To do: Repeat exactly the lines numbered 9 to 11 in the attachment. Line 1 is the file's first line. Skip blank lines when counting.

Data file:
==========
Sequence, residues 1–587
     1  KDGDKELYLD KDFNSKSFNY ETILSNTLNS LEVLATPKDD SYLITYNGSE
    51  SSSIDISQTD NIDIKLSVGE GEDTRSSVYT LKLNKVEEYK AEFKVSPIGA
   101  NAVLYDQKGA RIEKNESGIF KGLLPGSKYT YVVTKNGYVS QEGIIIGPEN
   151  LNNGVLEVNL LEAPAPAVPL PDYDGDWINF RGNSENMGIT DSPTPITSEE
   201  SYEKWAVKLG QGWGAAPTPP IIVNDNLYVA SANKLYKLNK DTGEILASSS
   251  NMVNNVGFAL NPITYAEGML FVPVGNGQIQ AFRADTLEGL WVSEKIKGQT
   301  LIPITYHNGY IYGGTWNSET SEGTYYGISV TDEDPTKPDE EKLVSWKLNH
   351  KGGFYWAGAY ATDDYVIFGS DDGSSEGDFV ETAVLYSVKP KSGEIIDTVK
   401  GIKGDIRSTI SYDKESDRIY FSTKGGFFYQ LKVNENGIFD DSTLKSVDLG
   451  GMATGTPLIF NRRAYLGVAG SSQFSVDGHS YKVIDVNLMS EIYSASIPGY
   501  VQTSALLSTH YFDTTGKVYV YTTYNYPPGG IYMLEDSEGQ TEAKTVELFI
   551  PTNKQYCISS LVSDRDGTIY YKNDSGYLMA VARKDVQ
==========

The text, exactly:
   351  KGGFYWAGAY ATDDYVIFGS DDGSSEGDFV ETAVLYSVKP KSGEIIDTVK
   401  GIKGDIRSTI SYDKESDRIY FSTKGGFFYQ LKVNENGIFD DSTLKSVDLG
   451  GMATGTPLIF NRRAYLGVAG SSQFSVDGHS YKVIDVNLMS EIYSASIPGY